1 There was a Benjamite, a man of standing, whose name was Kish son of Abiel, the son of Zeror, the son of Becorath, the son of Aphiah of Benjamin. 2 He had a son named Saul, an impressive young man without equal among the Israelites - a head taller than any of the others.
3 Now the donkeys belonging to Saul's father Kish were lost, and Kish said to his son Saul, "Take one of the boys with you and go and look for the donkeys." 4 So he passed through the hill country of Ephraim and through the area around Shalisha, but they did not find them. They went on into the district of Shaalim, but the donkeys were not there. Then he passed through the territory of Benjamin, but they did not find them.
5 When they reached the district of Zuph, Saul said to the boy who was with him, "Come, let's go back, or my father will stop thinking about the donkeys and start worrying about us."
6 But the boy replied, "Look, in this town there is a man of God; he is highly respected, and everything he says comes true. Let's go there now. Perhaps he will tell us what way to take." 1 Samuel 9
2He called a little child and had him stand among them. 3And he said: "I tell you the truth, unless you change and become like little children, you will never enter the kingdom of heaven. 4Therefore, whoever humbles himself like this child is the greatest in the kingdom of heaven. Mt 18
On the whole in the culture in which the bible is written, children are not rated very highly: the promise in Isaiah: 'And I will make mere lads their princes, And capricious children will rule over them' (Is 3 v 4) is a warning, not something to look forward to, and even Jesus warns that 'children will rise up against parents and cause them to be put to death.' (Mt 10:21). But on the other hand Jesus offers us the model of the faith of a child as how it should be, and this story from I Samuel is perhaps a worked example; Saul and his servant boy are out looking for some donkeys and having come to the end of their natural ability to resolve the problem, the boy suggests they ask God about it. Now it's unlikely that the boy knew about Samuel and Saul didn't - Samuel was a major character at the time - Saul just wasn't thinking like that; his habit of mind was to work things out for himself without putting God into the picture. Indeed one might argue that this is a pointer to his subsequent failure to respect God's perogatives which is the cause of his later downfall. But the unnamed boy is more willing to apply his faith to the situation and comes up with the suggestion of asking for the help of God.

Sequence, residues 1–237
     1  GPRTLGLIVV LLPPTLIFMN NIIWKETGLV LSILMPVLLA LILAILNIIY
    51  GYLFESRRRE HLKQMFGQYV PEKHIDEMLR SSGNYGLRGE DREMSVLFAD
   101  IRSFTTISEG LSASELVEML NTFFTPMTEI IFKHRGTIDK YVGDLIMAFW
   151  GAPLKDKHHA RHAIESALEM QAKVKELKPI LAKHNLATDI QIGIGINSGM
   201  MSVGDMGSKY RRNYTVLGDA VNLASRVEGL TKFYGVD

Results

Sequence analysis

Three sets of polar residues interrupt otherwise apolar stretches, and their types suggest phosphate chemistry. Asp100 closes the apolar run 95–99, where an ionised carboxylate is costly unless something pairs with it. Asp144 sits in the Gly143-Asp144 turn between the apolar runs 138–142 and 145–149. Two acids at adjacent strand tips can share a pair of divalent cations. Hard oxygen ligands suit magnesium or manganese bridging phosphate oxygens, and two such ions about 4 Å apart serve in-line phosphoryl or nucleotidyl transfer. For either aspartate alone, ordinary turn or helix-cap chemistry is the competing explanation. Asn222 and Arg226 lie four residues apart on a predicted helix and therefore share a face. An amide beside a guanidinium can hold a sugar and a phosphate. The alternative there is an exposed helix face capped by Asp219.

And so it should be for us; how often do we persist in looking at a situation merely from a human perspective and not look for God to get involved. Why? Because it's our habit to try and sort things out ourselves, rather than 'bringing everything to God in prayer'. When challenged about it we sometimes come up with excuses 'Oh, I didn't think it was worth bothering God about'. But the truth is that God does share our whole life - comes of being all knowing(!); we need to work at bringing a God consciousness into all that we do, so that as we see God at work in the small things, we can start to see Him at work in larger issues.
Prayer: Thank you Lord Jesus for the way that children can break through our habits of thought and show us your way to live. May we learn to hear your voice speaking through those who we would naturally disdain as your hearers when you walked this earth would have disdained the comments of children. May we bring you into all of our life, not just the bits that are fit to be shown, that our whole lives may be the offering you desire. Amen.
[If any of you will go back to your bible, you may find that the I Samuel passage refers to 'servant' rather than 'boy'; relatively few versions translate the word 'nor' as boy, preferring servant. However it seems to be justified, and of course it appeals to us...]